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Russia banned from owning Ukrainian media in vital move to media transparency

Halya Coynash
    Image: IMI

Ukraine has taken an urgently needed step towards ensuring that the public know who is behind the news they receive.  With media transparency increasingly understood as having impact on national security, it is no accident that the law now passed prohibits residents of an aggressor state from owning corporate rights in Ukrainian broadcasting companies. 

On Sept 3, Ukraine’s Verkhovna Rada adopted important amendments on ensuring media transparency in Draft Law №1831 *  It was, as expected, a narrow victory with the bill initially supported by 225 MPs, then by 237 during a second vote. 

Once signed by President Petro Poroshenko into law, broadcasters and providers will be obliged to post information about their ownership structure and final beneficiaries on their website, and to pass the information to the National TV and Radio Broadcasting Council.  The latter body will have the right to demand further information about the ownership structure.

A fine will be imposed for failure to provide information, for providing it late or for not telling the truth about the ownership structure.  

One problem with previous laws demanding provision of information was the lack of effective penalties for non-compliance.  The bill just passed imposes a fine of 25% of the licence fee which is at least a significant amount.

The National Broadcasting Council will, in turn, be obliged to provide detailed grounds for any decisions regarding the issue or refusal to issue or renew a broadcasting licence.

The law passed fulfils Ukraine’s obligations to the Council of Europe under the 2005 PACE Resolution (No. 1466).  Council of Europe experts had provided recommendations on the law now adopted, with most of these seemingly heeded.  At a conference in June, Jan Tombiński,  the Head of the EU Delegation to Ukraine, said that adoption of the law would bring Ukraine into line with best European practice and use to achieve “deoligarchization of political and economic life in Ukraine. Citizens and State authorities have the right to know who owns the individual media outlets in order to prevent a concentration of media power in several hands and abuse of media freedom.”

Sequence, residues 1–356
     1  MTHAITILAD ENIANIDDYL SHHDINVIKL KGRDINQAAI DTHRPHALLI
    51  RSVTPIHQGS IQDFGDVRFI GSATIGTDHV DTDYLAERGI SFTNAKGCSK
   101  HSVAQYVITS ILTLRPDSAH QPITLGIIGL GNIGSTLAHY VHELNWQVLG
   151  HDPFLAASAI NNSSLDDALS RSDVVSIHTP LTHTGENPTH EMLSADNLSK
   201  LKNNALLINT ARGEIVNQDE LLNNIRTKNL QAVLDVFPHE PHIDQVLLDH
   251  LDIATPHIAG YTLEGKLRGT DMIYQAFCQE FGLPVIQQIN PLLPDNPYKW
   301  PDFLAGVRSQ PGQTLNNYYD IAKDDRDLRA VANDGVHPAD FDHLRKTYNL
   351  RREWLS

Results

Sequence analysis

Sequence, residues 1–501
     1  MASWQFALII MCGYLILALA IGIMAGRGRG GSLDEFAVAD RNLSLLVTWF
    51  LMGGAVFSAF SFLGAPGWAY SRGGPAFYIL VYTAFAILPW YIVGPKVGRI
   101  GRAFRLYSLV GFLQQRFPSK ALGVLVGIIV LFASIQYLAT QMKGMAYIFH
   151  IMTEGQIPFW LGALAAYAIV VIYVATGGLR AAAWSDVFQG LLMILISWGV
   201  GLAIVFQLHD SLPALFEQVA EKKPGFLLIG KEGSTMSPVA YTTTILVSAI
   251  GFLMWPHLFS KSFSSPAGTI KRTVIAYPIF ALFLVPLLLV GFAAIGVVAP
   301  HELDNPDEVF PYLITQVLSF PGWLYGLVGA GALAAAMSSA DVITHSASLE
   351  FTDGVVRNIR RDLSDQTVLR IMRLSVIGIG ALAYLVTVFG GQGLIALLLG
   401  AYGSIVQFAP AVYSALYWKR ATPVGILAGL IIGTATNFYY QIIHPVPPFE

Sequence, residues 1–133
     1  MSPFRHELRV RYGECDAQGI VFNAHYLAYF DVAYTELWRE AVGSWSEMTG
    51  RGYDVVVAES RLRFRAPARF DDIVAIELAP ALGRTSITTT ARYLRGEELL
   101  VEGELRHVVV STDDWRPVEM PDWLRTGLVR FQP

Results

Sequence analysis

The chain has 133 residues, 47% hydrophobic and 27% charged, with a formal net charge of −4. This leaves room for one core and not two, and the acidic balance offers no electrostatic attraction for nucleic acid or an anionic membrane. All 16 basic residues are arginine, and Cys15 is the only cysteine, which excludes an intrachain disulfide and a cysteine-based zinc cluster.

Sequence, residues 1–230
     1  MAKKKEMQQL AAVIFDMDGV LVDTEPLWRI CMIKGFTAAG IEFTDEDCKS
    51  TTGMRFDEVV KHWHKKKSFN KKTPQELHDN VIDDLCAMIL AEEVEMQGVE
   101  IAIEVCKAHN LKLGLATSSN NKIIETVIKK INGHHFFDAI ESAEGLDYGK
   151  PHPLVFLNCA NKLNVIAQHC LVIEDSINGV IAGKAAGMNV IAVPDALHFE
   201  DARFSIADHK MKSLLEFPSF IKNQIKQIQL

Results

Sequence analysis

At the same conference, Council of Europe media expert Lasho Tugushi pointed out that simply knowing who the owners are is not enough without knowing whom they’re funded by.  That level of financial transparency is not provided for in the draft bill, probably because it was already touch and go whether politicians, many of whom themselves have media interests, would support it.

The bill was tabled by Mykola Knyzhytsky (People’s Front) and Vadim Denysenko (Bloc of Petro Poroshenko).  Among those involved in drafting it was Roman Holovenko from the authoritative Institute for Mass Information (IMI) and the bill was strongly supported by the journalists who first entered parliament in the 2014 parliamentary elections, including Viktoria Syumar, Chair of the Freedom of Speech committee.  After the bill was passed at its first reading in June, Syumar predicted difficulty in getting it finally adopted, and she was clearly euphoric on Thursday that they had succeeded. 

Media ownership has always been highly secretive in Ukraine.  One of the first things that Viktor Yanukovych did after becoming President in 2010 was to bring most nationwide television channels to heel, with the level of discussion on television becoming bland and uncontroversial within a disturbingly short amount of time, and information regularly muffled or distorted. The offensive against the independent channel TVi began almost immediately, and then in April 2013, there was a highly murky apparent takeover of the channel.  In June 2013, there were a number of major changes in media ownership, all widely assumed to be aimed at ensuring that Yanukovych’s people controlled all media in the run-up to the 2015 elections.  Euromaidan put an end to those plans. 

During the Maidan protests, the main nationwide television channels were full of reports as tainted with lies and distortion as those now seen on Russian television.  The day after protesters were gunned down, journalist Lidia Pankiv told a stunned Inter presenter and his audience that all the journalists involved had blood on their hands.

Most government-controlled media in Russia have been waging a virulent propaganda war since Euromaidan.  There is no concealing the degree to which the media are players in the undeclared war against Ukraine, and this was acknowledged in one of the amendments to the bill, voted on and adopted separately.  Unless Poroshenko vetoes the bill, and there seems no reason why he should, legal entities or individuals who are residents of any country designated by Ukraine’s parliament to be an aggressor state (at present, only Russia) will from now on be prohibited from found or taking part in Ukraine’s television or radio broadcasting companies. 

*  (full title: "On amendments to some laws of Ukraine to ensure the transparency of media ownership and implementation of the principles of state policy in the field of television and radio broadcasting»

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